26 February, 2007

Hush yer mouth: BBQ Beef Brisket

Sunday in the kitchen Part 1: BBQ Brisket.
It was a long day, but happy. Oscar Sunday started for me at 4:46 AM, I had to get dinner going.

Okay I really got started early last week when my neighbor gave me a frozen piece of brisket to smoke (don't ask me how I got it lit). The beef thawed in the fridge for a few days and I put a rub on it Saturday. Here's the rub mix (adapted from The Virtual Bullet)

1/8 cup salt
1/8 cup ground black pepper
1/8 cup paprika
1 T granulated garlic powder
1 tsp dry mustard powder

The meat we had was the flat cut of the brisket that had been well trimmed. If feel up to it just get a whole brisket and trim it yourself, leave about 1/8 to 1/4 inch of fat on it. I rubbed it in a large ziploc bag and left it overnight.

On Sunday morning I put the brisket on the smoker at 5:46 AM, the hood temp was 250F. I figured it would take about 12 hours to cook the meat to a finished internal temperature of 200F. By 7:45 AM the internal temperature was 160F. So, will I be having Brisket for lunch? No. At 4:00 PM (that's 16:40 for all my military and continental readers) I removed the meat for serving with the final temp only reaching 190F.

Brisket is a funny smoke, but man is it good. You don't need a smoker to do this recipe, just about any charcoal grill with a hood will do. Take a look at the Slow Pork Taco Recipe, for details on smoking in a kettle grill.

Hot smoked beef brisket for Oscar night. But wait there's more.


Hush yer: Hot Links

Sunday in the kitchen part 2: Hot links.

What's a party without sausage? I had bought some pork shoulder for S to make this crazy good Lasagna from Jamie Oliver's book, Jamie's Dinner's. Look it up, it's really good but it's not simple.

Anyway I've got some shoulder left over, I'm making BBQ, how about some hot links? Let's go to the tape:

1.6 kg pork shoulder cubed

30 g salt

18 g paprika

8 g sage

8 g crushed red pepper

6 g anise seed (a couple of pulses in the spice grinder)

5 g ground black pepper

2 g dried basil

2 g dried oregano

2 g ground cumin

45 ml cider vinegar

135 ml water

Mix all the dry ingredients with the pork and run it through the grinder. With the paddle attachment add the water and the vinegar and mix until the ingredients start to come together, about 1 minute.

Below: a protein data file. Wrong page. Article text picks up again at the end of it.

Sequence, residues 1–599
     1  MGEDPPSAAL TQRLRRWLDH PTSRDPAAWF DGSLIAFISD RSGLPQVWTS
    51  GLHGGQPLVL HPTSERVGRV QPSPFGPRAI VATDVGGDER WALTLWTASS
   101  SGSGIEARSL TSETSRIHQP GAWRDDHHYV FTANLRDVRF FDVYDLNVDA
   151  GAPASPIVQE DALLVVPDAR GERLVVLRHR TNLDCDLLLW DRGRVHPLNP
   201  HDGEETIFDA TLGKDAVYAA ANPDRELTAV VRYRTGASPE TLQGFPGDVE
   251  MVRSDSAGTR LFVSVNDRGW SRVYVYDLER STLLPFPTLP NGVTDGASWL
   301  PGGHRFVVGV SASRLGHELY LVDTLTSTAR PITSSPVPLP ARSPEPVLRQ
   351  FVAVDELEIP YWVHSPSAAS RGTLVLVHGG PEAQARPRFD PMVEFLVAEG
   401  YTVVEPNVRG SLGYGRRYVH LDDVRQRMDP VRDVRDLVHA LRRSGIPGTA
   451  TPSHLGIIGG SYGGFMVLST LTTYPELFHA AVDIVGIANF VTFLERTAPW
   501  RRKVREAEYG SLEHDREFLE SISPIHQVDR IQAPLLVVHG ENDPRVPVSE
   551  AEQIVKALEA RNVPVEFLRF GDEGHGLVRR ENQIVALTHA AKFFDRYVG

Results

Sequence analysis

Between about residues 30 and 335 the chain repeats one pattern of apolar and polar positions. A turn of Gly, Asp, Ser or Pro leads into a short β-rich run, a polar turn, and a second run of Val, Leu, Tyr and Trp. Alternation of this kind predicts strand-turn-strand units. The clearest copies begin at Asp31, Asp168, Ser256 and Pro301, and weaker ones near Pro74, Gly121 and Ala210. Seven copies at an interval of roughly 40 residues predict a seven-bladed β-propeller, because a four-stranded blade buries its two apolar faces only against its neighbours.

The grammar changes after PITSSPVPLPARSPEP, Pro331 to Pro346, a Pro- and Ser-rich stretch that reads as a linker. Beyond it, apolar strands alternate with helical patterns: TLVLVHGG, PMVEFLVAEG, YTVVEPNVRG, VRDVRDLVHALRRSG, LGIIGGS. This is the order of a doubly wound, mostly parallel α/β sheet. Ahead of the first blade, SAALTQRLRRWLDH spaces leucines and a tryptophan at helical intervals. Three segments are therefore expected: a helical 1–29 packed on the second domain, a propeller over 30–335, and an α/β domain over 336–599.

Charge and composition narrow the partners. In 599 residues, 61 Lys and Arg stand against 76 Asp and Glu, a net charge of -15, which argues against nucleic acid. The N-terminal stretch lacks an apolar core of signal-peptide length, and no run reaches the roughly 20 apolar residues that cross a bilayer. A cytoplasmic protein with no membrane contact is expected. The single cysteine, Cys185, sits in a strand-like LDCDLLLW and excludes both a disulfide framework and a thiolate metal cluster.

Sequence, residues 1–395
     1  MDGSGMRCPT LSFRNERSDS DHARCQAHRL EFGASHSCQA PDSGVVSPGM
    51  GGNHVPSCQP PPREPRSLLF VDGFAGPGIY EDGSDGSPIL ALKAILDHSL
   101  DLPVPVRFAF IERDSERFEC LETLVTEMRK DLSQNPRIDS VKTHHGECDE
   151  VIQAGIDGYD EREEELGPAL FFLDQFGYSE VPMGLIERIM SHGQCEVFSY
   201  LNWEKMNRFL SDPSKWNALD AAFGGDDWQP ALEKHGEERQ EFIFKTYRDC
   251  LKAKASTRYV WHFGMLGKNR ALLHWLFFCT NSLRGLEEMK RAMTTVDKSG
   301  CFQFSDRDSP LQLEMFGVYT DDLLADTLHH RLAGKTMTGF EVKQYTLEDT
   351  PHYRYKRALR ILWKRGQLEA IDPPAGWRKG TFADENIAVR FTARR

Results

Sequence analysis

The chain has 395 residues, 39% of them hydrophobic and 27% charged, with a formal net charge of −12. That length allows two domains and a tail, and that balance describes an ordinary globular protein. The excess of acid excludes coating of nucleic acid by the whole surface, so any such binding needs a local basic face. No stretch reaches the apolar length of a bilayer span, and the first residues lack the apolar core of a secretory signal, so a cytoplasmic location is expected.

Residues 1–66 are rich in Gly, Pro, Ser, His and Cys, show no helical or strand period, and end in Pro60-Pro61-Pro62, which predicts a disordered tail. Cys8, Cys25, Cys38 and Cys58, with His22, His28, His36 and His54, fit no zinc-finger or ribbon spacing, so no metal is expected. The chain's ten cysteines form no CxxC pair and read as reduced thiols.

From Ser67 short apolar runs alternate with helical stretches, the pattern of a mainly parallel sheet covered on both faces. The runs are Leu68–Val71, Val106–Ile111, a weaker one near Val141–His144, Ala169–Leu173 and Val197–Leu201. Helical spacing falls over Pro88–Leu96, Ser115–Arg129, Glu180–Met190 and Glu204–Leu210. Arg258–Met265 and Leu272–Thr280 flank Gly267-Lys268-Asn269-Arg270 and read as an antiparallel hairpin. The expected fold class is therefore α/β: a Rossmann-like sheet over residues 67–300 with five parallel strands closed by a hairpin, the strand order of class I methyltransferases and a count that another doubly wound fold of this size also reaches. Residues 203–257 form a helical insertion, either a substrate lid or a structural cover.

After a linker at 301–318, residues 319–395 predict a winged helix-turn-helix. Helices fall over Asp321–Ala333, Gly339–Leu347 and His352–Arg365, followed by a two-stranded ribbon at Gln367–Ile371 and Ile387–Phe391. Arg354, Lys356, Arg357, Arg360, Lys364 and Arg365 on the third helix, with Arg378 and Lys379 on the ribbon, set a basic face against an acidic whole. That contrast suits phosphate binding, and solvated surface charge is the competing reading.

Stuff into hog medium casings and twist them into pairs so that they can can hang. Hang in the fridge to dry overnight. Hot smoke to an internal temp of 150F, 1 to 2 hours.

The recipe I used was adapted from a lazy one that I kept finding on the net over and over again. I couldn't find any others. I would like to fine tune tune it a bit, but it is still real good. serve it next to the brisket swimming in bbq sauce.

It's a long day to Oscar night, better start with a good breakfast. Look for part three for early bird specials.


Hush: Breakfast Before BBQ

eating light the day after, gravlaks et un peu de moutarde de d'dorf.
Sunday in the kitchen part 3: Salmon Benedict.

I have always liked watching the academy awards. I always think about having a party but I never make plans. This week things just sort of fell together: I wasn't planning on smoking brisket, my neighbor sent it over. I wasn't planning on making hot links, but I wanted something to go with the brisket. I wasn't planning on having a busy Sunday, but I already started curing some fish...

Mom (and gma) came to visit last weekend and she bought some of the freshest laid eggs from her girls. Mom also brought her double boiler. Mom loves the cured salmon, we did this once before (see the previous post gravlaks) and it is so good and so easy, I don't think there is any need to buy lox at the store. Here's what I did:

300 g salmon fillet, skin on, about 1 inch thick.
92 g salt
150 g sugar
small handful of fresh chopped dill
Grindings of black pepper
splash of brandy
EDITOR'S NOTE 12-28-07: Yeouch too much salt and sugar for quanity of fish. See this Gravlaks Recipe for better proportions.

I rinsed and patted dry the fish, then rubbed the salt and sugar, scattered the pepper, splashed the brandy and applied the dill. I wrapped it tight in some plastic wrap, then into a ziploc bag and then into the fridge for three days. I flipped it daily.